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Is this the old Acadametrix? Because that was indeed an "index of indexes" with added guesses. 

Until the Land Registry data comes in, when it becomes increasingly factual.

Retrospectively. 

 

EDIT: No. it's not acadametrix. 

Edited by Timm
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31 minutes ago, Pebbles said:

This is land registry data every single data point is published and you can make your own index from it (download the CSV file and make your own index). It is about as gold standard index as you are likely to get.

This. The ONS is a world-beating organisation.

I once looked into how the CPI/RPI figures were created when people on here said they were fiddled. The transparency and thoroughness of the whole thing blew me away.

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20 minutes ago, the_duke_of_hazzard said:

This. The ONS is a world-beating organisation.

I once looked into how the CPI/RPI figures were created when people on here said they were fiddled. The transparency and thoroughness of the whole thing blew me away.

For what it's worth, I don't think it is fiddled, but I also don't think that house price inflation is correctly calculated. They base it on imputed rents. Whereas the actual cost to own a house over a lifetime has gone up by far more than that.

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1 hour ago, dugsbody said:

For what it's worth, I don't think it is fiddled, but I also don't think that house price inflation is correctly calculated. They base it on imputed rents. Whereas the actual cost to own a house over a lifetime has gone up by far more than that.

No one said it was fiddled

 

They ate publishing incomplete data which the MsM use to ramp house prices. 

They're very quiet on their revisions though. 

NW are very guilty of this when i used to look. 

 

 

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16 minutes ago, TheCountOfNowhere said:

No one said it was fiddled

Sorry, I was replying the the duke who mentioned the word fiddled and was talking about CPI/RPI, not the housing index. But he's correct, the data is available from the land registry, available for anyone to calculate their own index if they don't trust ONS.

Here's a useful site that uses the data:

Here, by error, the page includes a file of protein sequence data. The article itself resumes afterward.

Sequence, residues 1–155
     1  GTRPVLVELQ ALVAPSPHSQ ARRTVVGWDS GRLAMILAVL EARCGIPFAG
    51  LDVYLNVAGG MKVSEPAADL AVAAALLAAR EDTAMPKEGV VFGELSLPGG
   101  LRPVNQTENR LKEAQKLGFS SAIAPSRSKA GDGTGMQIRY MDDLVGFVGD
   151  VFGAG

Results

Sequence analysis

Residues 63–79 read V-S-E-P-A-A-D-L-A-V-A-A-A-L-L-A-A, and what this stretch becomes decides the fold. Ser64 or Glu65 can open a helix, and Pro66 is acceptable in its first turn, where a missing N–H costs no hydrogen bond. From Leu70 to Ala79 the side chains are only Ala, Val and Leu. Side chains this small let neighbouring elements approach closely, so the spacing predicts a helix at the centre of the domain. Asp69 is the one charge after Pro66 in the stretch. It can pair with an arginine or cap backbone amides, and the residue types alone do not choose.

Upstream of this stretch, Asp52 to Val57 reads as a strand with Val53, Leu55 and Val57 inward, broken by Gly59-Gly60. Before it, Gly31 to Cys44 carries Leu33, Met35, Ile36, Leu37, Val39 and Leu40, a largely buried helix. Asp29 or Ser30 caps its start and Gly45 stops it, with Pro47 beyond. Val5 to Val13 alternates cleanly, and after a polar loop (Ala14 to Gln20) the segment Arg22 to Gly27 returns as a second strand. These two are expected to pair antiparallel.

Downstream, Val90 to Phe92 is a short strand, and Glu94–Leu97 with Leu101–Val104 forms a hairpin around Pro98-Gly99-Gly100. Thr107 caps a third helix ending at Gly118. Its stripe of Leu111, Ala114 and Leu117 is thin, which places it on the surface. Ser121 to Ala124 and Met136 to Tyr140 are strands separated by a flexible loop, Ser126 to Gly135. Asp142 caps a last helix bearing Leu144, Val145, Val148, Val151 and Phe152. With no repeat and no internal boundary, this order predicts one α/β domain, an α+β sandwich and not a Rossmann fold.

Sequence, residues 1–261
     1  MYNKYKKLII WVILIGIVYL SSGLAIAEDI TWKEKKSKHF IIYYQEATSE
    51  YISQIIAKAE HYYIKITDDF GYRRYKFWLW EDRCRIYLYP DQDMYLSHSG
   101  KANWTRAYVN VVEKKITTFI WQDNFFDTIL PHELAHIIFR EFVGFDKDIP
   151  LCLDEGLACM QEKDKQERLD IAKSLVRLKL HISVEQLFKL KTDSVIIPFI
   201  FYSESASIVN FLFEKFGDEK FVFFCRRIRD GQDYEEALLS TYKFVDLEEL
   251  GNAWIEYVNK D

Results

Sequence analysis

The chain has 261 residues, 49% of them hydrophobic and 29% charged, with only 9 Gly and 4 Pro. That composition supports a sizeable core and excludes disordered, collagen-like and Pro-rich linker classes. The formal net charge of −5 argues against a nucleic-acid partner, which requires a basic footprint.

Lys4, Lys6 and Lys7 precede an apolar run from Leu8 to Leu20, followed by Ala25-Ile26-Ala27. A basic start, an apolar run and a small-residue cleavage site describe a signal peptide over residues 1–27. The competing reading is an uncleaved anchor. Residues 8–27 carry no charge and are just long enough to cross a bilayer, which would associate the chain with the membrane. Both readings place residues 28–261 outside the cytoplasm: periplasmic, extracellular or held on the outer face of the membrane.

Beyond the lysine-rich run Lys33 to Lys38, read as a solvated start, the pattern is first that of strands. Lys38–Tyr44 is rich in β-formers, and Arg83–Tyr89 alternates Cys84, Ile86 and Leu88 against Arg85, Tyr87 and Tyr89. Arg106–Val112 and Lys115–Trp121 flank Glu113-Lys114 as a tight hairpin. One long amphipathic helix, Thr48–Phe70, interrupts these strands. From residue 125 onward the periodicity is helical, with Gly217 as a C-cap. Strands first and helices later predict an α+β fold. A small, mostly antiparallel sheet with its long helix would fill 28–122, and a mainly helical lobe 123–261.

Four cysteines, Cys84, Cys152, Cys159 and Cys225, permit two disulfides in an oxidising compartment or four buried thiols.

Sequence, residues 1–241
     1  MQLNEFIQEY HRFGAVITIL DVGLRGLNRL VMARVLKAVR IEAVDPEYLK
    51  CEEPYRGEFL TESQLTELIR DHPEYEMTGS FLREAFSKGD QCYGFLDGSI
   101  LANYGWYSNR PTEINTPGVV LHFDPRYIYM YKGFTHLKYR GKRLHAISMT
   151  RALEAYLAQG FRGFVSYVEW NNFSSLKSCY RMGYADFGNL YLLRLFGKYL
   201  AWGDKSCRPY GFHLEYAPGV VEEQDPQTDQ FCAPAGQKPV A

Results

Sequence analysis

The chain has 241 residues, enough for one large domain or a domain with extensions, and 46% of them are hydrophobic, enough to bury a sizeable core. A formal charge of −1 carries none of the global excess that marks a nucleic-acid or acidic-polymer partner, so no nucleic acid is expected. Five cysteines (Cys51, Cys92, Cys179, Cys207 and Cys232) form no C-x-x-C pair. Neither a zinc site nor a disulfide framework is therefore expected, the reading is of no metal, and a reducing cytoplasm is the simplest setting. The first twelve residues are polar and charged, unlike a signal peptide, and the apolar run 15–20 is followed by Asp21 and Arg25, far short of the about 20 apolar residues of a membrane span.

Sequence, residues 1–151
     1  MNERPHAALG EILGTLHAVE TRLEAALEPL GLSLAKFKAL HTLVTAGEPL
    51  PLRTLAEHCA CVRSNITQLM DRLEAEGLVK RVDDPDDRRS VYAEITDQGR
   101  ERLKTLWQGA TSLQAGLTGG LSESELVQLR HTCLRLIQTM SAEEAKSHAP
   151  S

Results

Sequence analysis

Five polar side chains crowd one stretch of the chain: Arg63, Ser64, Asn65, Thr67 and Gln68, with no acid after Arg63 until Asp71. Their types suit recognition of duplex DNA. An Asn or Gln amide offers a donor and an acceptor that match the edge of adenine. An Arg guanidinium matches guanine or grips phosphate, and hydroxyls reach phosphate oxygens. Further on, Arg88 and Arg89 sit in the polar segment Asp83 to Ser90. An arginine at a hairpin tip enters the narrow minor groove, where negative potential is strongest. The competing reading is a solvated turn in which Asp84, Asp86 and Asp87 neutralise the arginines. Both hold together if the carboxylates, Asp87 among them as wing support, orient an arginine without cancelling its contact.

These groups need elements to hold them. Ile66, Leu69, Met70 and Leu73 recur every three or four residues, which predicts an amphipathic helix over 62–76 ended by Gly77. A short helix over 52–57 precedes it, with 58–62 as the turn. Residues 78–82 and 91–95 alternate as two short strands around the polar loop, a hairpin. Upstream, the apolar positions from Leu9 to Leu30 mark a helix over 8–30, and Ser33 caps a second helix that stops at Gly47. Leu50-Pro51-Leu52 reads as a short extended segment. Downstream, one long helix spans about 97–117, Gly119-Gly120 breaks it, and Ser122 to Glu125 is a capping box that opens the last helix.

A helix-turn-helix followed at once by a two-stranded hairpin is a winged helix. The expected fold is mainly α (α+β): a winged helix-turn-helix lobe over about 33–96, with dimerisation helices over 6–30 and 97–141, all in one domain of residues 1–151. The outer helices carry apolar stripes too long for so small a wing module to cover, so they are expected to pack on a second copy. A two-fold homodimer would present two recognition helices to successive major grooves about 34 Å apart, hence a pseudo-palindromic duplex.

https://houseprices.io

Edited by dugsbody
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On 16/09/2020 at 22:00, dugsbody said:

Sorry, I was replying the the duke who mentioned the word fiddled and was talking about CPI/RPI, not the housing index. But he's correct, the data is available from the land registry, available for anyone to calculate their own index if they don't trust ONS.

Here's a useful site that uses the data:

https://houseprices.io

Houseprices.io  has started to get really interesting in the last few months for my area.  Almost any house that is green (profit made) was last sold prior to 2016.  Anything where the last sold date is 2016 or later seems to be red (profit not made).   I first wanted to buy in 2016 and thought that prices were so crazy they had to be close to the top if not the actual top.  Four years on those thoughts seem to be crystallising into mathematic facts.

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4 minutes ago, stop_the_craziness said:

Houseprices.io  has started to get really interesting in the last few months for my area.  Almost any house that is green (profit made) was last sold prior to 2016.  Anything where the last sold date is 2016 or later seems to be red (profit not made).   I first wanted to buy in 2016 and thought that prices were so crazy they had to be close to the top if not the actual top.  Four years on those thoughts seem to be crystallising into mathematic facts.

What does it mean if it's not red or green?

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11 minutes ago, stop_the_craziness said:

Houseprices.io  has started to get really interesting in the last few months for my area.  Almost any house that is green (profit made) was last sold prior to 2016.  Anything where the last sold date is 2016 or later seems to be red (profit not made).   I first wanted to buy in 2016 and thought that prices were so crazy they had to be close to the top if not the actual top.  Four years on those thoughts seem to be crystallising into mathematic facts.

Agree, I'm noticing similar. However, note that the "red" can still be nominal increases. They're marked as red if they are lower than the inflation adjusted previous sale price.

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20 minutes ago, dugsbody said:

Agree, I'm noticing similar. However, note that the "red" can still be nominal increases. They're marked as red if they are lower than the inflation adjusted previous sale price.

 

They're slightly different reds - the inflation adjusted loss is a more orangey red.

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  • 433 Brexit, House prices and Summer 2020

    1. 1. Including the effects Brexit, where do you think average UK house prices will be relative to now in June 2020?


      • down 5% +
      • down 2.5%
      • Even
      • up 2.5%
      • up 5%



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